NEW YORK (Reuters) - Quarterly results from four of the largest U.S. banks on Tuesday showed that American consumers are helping to prop up the economy, even as recession fears have led businesses to pull back on spending and borrowing.
JPMorgan Chase & Co (JPM.N) posted strength across all but one of its segments, and executives offered optimistic comments about the financial health of individuals. Citigroup beat estimates thanks to its global consumer business.
And while profits at Wells Fargo & Co (WFC.N) were hurt by costs related to its long-running sales scandal, the bank reported positive results in community banking, with growth in home, auto and card lending. Goldman Sachs Group Inc’s (GS.N) fledgling consumer bank also saw strength in loans and deposits.
“The consumer is not under strain. The consumer is doing fine,” JPMorgan CEO Jamie Dimon said on a call with journalists.
He noted that geopolitical tensions - especially the U.S.-China trade dispute - have dissuaded businesses from investing in their operations, therefore pressuring job growth. However, he was not convinced that the decline in business confidence would lead to higher unemployment.
Job growth “is still positive and it may very well not go negative at this point,” Dimon said. “We’ll just have to wait and see.”
Comments from Dimon and other bank executives come after a quarter in which recession fears sent markets careening, causing the U.S. Federal Reserve to slash its key rate target twice. A key manufacturing index recently showed activity falling dramatically, hurting U.S. job growth and wages, even though the unemployment rate is at a 50-year low.
As the largest U.S. bank by assets with significant operations in Europe and Asia, JPMorgan is viewed by many investors as a benchmark for how the global economy is doing.
Its consumer division reported a 7% rise in net revenue and a 5% gain in profit in the third quarter, compared with the same period in 2018. Its margins also expanded, showing the bank was able to widen the gap between what it pays for deposits and what it charges for loans as interest rates fell during the period.
At Citigroup, global consumer banking was the main driver of profit growth.
Citi operates one of the largest global credit-card businesses and one of the top retail banks in Mexico. The bank posted a 4% rise in revenue from consumer banking in North America and internationally, when adjusting for currency fluctuations and one-time gains, and a 17% increase in profit before taxes.
Chief Executive Michael Corbat characterized the economy as in good shape, and said his bank’s plans to grow deposits and boost card lending remain on track.
Wells Fargo’s results were clouded by a $1.6 billion litigation accrual, a $1.1 billion one-time gain and a CEO transition scheduled to happen next week.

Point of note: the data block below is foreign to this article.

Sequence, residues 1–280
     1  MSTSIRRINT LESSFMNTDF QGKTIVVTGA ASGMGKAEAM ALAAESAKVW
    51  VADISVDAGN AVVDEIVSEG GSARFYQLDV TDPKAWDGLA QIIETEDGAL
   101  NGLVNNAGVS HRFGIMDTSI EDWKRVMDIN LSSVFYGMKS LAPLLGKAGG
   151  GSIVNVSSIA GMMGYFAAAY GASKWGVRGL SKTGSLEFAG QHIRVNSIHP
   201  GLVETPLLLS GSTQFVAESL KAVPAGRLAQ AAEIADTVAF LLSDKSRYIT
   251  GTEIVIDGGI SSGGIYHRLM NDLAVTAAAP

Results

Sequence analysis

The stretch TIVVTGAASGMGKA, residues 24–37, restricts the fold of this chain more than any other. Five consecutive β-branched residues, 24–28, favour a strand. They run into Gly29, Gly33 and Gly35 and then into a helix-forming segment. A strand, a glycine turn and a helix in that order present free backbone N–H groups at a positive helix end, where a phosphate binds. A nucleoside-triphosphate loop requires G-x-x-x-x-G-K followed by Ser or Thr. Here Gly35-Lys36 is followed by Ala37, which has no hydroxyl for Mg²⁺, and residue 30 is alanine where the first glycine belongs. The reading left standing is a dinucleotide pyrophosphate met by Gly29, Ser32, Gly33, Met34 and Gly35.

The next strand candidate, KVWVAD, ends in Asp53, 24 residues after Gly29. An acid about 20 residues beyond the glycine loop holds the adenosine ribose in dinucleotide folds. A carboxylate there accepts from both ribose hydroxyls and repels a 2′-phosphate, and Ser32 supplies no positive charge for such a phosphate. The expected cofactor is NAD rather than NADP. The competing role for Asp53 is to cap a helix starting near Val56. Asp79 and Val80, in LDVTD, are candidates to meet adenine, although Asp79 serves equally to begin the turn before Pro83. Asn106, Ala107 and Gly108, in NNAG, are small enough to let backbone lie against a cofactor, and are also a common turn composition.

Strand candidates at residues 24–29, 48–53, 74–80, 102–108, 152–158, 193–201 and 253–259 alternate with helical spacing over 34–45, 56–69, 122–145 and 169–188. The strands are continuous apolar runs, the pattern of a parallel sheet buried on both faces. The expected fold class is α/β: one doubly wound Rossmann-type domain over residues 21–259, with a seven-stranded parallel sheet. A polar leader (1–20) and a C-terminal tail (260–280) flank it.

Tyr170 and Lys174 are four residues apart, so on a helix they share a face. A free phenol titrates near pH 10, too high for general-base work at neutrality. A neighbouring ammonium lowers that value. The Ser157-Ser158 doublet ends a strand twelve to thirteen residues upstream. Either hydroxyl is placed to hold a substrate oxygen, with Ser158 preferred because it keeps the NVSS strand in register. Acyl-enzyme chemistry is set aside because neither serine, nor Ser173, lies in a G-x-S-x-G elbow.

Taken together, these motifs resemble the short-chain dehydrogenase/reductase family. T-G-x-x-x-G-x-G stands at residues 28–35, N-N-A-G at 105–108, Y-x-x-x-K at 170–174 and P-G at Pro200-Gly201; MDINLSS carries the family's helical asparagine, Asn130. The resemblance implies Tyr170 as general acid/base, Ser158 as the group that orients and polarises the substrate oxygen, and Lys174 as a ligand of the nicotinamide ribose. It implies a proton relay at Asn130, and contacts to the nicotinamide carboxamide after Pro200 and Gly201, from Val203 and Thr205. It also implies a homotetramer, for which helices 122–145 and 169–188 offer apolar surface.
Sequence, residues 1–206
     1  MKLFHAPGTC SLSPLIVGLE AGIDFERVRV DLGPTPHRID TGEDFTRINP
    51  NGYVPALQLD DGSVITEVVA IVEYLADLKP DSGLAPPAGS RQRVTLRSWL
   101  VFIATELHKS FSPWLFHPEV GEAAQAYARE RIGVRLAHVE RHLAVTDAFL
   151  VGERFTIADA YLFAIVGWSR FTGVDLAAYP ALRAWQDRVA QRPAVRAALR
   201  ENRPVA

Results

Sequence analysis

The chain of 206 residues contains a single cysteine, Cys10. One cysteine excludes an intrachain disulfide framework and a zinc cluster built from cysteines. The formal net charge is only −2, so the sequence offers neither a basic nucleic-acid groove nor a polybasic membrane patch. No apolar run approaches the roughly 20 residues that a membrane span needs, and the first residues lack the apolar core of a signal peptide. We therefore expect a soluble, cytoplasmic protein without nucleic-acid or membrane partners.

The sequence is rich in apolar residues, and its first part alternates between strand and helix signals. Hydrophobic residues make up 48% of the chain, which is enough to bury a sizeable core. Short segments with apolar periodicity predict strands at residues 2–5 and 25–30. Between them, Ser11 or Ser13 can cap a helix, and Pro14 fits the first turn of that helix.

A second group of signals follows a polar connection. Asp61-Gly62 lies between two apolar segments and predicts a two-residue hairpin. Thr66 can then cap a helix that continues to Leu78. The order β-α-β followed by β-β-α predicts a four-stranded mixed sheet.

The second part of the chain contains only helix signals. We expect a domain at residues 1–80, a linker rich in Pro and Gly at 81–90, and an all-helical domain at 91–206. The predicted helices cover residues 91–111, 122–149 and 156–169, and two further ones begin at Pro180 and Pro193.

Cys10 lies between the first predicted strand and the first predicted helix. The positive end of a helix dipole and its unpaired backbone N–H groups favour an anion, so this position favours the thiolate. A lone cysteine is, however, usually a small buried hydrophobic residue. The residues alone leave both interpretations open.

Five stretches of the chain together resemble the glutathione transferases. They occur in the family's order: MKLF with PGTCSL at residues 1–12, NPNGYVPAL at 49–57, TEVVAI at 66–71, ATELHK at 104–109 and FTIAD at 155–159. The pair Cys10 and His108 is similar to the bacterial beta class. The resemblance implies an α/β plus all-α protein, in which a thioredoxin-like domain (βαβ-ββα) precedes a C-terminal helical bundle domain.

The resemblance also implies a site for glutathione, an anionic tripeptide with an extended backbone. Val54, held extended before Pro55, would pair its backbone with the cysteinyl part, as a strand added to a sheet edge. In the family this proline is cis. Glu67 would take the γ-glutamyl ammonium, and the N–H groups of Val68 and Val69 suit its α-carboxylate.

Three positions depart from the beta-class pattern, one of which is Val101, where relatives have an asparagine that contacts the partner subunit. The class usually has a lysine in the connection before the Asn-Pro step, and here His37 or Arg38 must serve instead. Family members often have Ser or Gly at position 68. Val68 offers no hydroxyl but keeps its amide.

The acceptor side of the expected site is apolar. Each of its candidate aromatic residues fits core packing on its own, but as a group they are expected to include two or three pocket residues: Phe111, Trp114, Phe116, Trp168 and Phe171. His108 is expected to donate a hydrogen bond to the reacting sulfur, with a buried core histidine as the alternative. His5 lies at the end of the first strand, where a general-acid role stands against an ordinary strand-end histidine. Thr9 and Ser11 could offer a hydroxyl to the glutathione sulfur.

The bank missed Wall Street’s profit expectations, but behind the headline numbers its consumer business remained relatively robust, with growth in loans and deposits.
Goldman’s consumer business, called Marcus, is just a few years old and is tiny relative to banking rivals and its other major income streams. Of the $100 billion worth of loans on its balance sheet, just $6 billion are owed by individuals.
But the bank’s new CEO, David Solomon, has staked a lot on retail banking. He has promised investors that the business will help transform Goldman Sachs from a trading and investment banking operation into a full-service lender.
Goldman has been investing heavily in the business by hiring staff, advertising its savings accounts and launching a new credit card with Apple Inc (AAPL.O) during the quarter. The $55 billion worth of consumer deposits Marcus has gathered now represents the largest source of deposit funding for Goldman Sachs.
The main specter hovering over big banks’ quarterly results was the outcome of global trade tensions and cross-border political issues that have made business leaders wary.
JPMorgan reported declines of 3% and 14%, respectively, in revenue and profit for commercial banking, while Citigroup experienced a 6% drop in adjusted revenue from corporate lending. Wells Fargo’s revenue from wholesale banking fell 5%.
In addition to uncertainty around U.S.-China trade talks, big companies are worried about the lack of certainty about how Brexit will affect Britain’s standing with the rest of Europe, plus violent protests in Hong Kong and more recent threats from the White House about sanctions against Turkey for its invasion of Syria.
Goldman Sachs also listed Argentina, which is facing a fiscal crisis and political upheaval, oil price volatility, and changes to central bank policies as “macro” factors affecting global markets.
“The environment is highly unpredictable given how much of it is at the mercy of political machinations,” Citigroup’s Corbat said on a conference call.
Investors were impressed by most of the big bank results. Shares of JPMorgan were up 3.9% at $121 in late-morning trading, while Citigroup rose 1.9% to $71.59 and Wells Fargo gained 1.2% at $49.86. Goldman Sachs shares fell 1% at $203.96.
Reporting by Imani Moise and Elizabeth Dilts in New York; Additional reporting by David Henry in New York and Anirban Sen, Sweta Singh and Noor Zainab Hussain in Bengaluru; Writing by Lauren Tara LaCapra; Editing by Nick Zieminski